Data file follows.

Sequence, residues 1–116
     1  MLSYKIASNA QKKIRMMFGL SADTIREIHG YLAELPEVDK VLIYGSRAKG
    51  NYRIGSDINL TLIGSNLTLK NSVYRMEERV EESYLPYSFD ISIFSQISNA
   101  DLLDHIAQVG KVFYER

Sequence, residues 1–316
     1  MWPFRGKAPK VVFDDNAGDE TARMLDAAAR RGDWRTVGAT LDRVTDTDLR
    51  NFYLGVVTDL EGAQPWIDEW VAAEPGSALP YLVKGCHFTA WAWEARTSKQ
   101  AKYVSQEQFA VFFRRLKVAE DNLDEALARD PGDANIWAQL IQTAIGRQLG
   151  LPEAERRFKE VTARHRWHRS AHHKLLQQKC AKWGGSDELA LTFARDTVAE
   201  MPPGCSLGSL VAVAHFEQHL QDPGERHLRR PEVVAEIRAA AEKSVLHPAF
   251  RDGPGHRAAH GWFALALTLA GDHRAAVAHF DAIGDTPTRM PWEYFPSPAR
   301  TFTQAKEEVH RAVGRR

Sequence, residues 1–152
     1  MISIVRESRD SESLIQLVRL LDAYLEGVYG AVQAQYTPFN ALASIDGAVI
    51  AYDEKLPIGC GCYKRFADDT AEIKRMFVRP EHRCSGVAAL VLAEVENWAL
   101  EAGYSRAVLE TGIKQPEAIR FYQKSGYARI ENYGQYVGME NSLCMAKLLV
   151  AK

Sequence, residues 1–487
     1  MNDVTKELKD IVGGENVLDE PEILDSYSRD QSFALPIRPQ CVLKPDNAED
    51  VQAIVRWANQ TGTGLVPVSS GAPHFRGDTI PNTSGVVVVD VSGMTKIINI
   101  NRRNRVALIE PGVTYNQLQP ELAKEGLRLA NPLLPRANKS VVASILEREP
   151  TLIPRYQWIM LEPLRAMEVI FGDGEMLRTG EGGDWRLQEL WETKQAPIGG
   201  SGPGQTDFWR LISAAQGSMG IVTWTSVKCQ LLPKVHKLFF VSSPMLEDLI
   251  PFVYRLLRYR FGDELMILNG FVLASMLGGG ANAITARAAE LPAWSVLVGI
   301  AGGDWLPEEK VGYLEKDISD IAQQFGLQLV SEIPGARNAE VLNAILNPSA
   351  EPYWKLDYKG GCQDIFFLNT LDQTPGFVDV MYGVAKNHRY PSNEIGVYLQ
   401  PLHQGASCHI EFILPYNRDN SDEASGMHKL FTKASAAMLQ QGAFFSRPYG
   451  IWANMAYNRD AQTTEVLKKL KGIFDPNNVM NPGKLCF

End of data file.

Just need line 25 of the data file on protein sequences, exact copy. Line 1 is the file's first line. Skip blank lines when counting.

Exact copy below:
   301  AGGDWLPEEK VGYLEKDISD IAQQFGLQLV SEIPGARNAE VLNAILNPSA